Image problems and the NBA go together like ES and PN so you would think a guy like Kobe Bryant, ambassador for the After-School All-Stars, might think twice before starring in the commercial for the Call of Duty Black Ops video game. Media outlets are taking notice and I hope the league will follow suit.
I don’t keep up with current first person shooter games, or any video games, so the ad for Call of Duty was a shock to me. It shows mostly regular people, with the exception of Kobe Bryant and Jimmy Kimmel, walking around, answering their phones, doing regular things, except they are carrying and firing assault rifles and grenade launchers.
They could be your next door neighbor, your doctor, your mechanic. If you take out the shooting and explosions, it’s sort of calm, with the Rolling Stones’ Gimme Shelter in the background.
I read one piece that says the ad was set to debut during Sunday Night Football, but it didn’t. My son saw it during one of the afternoon games. My five year old son. I am not opposed to watching stuff blow up, and I go to my share of action movies, but I don’t take my kids to them.
I’ve been arguing with my husband for a DVR for years, dating back to before the kids came along. Though the ability to watch TV on our own schedule is attractive, my main argument lately is the desire to cut out the commercials. When Oliver was 3 and demanding to watch SportsCenter on ESPN every morning, I was happy to get MLB at Bat and hand over my iPhone and later my iPad so he could check baseball highlights without the deluge of inappropriate commercials.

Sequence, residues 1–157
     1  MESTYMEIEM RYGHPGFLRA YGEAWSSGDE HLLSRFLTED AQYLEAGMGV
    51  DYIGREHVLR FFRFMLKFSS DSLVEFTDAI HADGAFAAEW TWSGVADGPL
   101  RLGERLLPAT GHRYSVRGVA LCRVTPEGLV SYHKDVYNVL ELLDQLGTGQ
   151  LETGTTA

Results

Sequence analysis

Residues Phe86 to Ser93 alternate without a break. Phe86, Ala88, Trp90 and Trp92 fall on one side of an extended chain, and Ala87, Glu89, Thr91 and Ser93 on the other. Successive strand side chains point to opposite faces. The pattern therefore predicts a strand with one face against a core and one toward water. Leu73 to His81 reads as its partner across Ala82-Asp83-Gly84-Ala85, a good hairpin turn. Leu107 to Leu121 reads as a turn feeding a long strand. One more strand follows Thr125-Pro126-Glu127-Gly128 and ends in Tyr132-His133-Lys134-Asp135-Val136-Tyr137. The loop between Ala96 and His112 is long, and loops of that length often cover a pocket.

Beer, women in spandex (and less), violent TV dramas, five dollar foot longs. He finds them all captivating, but none so much as the Call of Duty ad.
Oliver seemed stunned as he watched it, and I think he could see it was bothering me. He said something like, “Shooting is bad, right?” but I was too stunned to remember his exact words. I remember feeling a little bit relieved that his first reaction was to think shooting = bad, but my head was still spinning with worry about what was going on in his head.
I’d rather my kids saw a few wardrobe malfunctions than this level of violence. Naked body parts are explainable and natural. If a video game is rated M for Mature or the TV show carries a “view discretion advised” label, the ads need to be toned way down if they are going to air when young children are likely to see them.
Despite Charles Barkley declaring he’s not a role model, athletes still impact kids in perhaps unintended ways. Kobe Bryant is smart enough to know better.
ClumberKim published an earlier version of this on her personal blog.
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